Human Rights Violations, Code violation, human rights abuse

What Are Human Rights Violations?

Within Ontario, employees, contractors, and other types of workers are protected from harassment and discrimination on the basis of enumerated grounds covered by the Ontario Human Rights Code (“Code”). 

 

These enumerated grounds may include but are not limited to the following: 

 

  • Citizenship
  • Race
  • Place of origin
  • Ethnic origin
  • Colour
  • Ancestry
  • Disability
  • Age
  • Creed
  • Sexual orientation
  • Gender expression

 

The above protection applies to many different scenarios, including but not limited to the employment context, and in the provision of services and even social housing. 

 

Whenever there is a violation of the Code, the party inflicted with the discrimination and/or harassment may file an application with the Human Rights Tribunal of Ontario.  

 

While anyone can file a human rights application, even without legal representation, the success of the application will depend on whether the discrimination and/or harassment can be proven. To assess the strength of a claim, it may be prudent to retain legal counsel. 

 

What constitutes a Code violation? 

 

Generally, the Code will be violated when one or more of the protected grounds have been used as a basis to discriminate or harass someone within one or more of the protected social areas. These areas include:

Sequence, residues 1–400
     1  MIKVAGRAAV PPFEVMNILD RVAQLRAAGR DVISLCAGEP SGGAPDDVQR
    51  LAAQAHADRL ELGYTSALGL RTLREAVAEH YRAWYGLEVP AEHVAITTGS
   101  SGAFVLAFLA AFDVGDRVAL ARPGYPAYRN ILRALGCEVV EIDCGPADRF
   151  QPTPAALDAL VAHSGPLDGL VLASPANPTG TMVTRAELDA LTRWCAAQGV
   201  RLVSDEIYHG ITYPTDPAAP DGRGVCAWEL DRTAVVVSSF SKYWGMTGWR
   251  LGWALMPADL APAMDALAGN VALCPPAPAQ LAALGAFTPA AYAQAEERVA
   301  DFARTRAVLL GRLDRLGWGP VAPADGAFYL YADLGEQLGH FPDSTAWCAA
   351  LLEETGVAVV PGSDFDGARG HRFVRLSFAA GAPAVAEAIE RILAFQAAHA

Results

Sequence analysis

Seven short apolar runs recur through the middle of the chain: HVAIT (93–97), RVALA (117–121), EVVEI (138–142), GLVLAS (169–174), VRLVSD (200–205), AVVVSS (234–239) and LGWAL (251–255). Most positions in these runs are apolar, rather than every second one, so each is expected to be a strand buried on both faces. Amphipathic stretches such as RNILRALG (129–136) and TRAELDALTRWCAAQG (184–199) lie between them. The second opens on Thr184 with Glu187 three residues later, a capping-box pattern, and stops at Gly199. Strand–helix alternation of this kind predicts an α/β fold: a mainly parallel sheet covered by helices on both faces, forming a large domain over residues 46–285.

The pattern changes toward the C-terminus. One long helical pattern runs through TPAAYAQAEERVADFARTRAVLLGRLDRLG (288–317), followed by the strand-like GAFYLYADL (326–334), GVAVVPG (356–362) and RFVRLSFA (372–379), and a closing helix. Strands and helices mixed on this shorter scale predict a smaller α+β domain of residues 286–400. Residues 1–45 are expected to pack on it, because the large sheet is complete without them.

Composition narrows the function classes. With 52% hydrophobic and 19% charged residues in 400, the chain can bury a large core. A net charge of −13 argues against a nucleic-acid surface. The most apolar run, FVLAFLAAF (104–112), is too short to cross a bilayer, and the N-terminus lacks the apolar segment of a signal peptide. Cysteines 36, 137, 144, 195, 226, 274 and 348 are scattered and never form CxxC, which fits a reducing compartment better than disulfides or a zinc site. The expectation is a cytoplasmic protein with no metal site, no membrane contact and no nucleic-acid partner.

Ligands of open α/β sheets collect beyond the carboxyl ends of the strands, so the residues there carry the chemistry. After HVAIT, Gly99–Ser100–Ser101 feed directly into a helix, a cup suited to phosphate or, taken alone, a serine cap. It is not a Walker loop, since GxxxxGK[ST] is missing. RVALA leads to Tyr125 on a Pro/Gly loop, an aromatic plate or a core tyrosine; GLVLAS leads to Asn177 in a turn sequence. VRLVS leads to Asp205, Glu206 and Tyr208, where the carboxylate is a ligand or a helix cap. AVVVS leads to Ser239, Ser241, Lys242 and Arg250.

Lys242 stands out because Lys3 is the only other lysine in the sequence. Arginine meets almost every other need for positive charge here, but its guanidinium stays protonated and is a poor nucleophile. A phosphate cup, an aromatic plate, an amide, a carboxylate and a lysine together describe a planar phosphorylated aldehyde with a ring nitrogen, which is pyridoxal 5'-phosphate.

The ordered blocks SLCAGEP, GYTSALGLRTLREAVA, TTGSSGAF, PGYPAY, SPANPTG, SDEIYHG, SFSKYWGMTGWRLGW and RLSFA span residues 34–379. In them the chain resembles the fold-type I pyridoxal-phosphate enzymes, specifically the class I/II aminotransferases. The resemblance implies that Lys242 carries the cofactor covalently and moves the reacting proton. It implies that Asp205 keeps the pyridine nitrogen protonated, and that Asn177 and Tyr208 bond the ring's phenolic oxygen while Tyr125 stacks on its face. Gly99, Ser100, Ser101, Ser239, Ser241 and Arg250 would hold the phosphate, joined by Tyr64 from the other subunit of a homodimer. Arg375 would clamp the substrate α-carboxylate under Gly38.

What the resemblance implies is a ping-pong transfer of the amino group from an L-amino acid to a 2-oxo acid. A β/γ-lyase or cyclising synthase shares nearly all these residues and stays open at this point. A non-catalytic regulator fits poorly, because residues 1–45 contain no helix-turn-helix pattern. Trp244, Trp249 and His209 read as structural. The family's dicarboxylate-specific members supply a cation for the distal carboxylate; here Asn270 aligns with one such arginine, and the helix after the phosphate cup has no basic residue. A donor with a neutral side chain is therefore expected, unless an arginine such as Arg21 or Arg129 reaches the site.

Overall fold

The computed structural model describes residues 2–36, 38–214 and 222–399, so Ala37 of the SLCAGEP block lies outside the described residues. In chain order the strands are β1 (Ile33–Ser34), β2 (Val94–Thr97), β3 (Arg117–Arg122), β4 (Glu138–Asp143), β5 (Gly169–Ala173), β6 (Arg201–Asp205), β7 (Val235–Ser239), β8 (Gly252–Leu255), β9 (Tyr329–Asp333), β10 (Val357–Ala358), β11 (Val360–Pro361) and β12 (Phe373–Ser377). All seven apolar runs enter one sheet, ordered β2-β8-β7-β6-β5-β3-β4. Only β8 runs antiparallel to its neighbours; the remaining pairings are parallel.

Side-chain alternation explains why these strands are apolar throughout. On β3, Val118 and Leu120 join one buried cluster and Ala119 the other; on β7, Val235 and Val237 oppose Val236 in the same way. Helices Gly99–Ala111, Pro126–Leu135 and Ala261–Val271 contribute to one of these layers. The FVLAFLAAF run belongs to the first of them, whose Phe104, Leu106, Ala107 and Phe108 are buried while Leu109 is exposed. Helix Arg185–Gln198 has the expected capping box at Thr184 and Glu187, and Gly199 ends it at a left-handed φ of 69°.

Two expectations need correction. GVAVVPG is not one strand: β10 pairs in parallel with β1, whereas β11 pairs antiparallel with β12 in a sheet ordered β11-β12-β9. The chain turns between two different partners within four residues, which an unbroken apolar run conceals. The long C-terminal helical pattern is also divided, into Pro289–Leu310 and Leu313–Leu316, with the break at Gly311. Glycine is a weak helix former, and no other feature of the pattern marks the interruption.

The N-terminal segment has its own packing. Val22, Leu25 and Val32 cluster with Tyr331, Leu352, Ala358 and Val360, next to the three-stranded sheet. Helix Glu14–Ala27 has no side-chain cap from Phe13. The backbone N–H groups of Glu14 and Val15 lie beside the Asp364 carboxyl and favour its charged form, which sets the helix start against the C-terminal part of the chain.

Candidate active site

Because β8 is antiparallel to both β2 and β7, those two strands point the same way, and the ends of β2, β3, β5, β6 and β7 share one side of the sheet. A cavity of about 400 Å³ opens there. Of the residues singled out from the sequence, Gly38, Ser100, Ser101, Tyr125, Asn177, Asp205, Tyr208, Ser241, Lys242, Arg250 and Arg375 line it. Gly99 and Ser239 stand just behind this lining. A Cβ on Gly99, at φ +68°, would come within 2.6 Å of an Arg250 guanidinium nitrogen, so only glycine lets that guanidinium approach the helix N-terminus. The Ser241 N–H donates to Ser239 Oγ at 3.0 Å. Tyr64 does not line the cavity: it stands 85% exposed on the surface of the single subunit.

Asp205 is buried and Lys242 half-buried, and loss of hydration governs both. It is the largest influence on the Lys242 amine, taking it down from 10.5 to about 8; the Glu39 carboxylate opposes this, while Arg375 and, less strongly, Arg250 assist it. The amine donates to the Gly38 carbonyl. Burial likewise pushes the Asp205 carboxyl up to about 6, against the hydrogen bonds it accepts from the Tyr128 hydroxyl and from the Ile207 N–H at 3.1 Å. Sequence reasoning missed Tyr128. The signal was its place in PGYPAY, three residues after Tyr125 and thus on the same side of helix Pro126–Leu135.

• Housing
  • Contracts
  • Employment
  • Goods and services
  • Facilities
  • Membership in a union, trade, or professional association

 

As an example, an individual denied access to a gym because of a disability may constitute discrimination on the basis of disability. 

In order to prove that a Code violation has occurred, there is a burden of proof on every applicant to make their case. 

 

What is the burden of proof?

 

In a human rights claim and application, the standard of proof that must be met is the balance of probabilities. For a human rights application to succeed, the applicant must show that it is more likely than not that the human rights abuse being alleged has occurred. 

 

If an applicant is able to prove that Code violations occurred, then the Human Rights Tribunal of Ontario may award the applicant numerous remedies and damages. 

 

What other alternatives are available for human rights abuse?

 

Before starting any human rights proceeding, it is always helpful to have a lawyer help you send a demand letter. 

 

A demand letter may be used to put an employer on notice regarding an incident of human rights abuse. A demand letter is an important first step for claimants who would like to attempt negotiation before a lawsuit.

 

Before making a human rights application, it may be prudent to first seek legal advice on the strengths or merits of your case. 

 

Contact us:

 

If you are unsure about the merits or strength of the case of your human right, our team of experienced employment and human rights lawyers at Achkar Law can help. Please contact us, either by phone at 1-800-771-7882 or by email at [email protected], as we are always happy to assist.

If you are a small or medium-sized company looking for full-service support with a same-day response, visit our Chief Legal Officer Program page for our strategic solutions.

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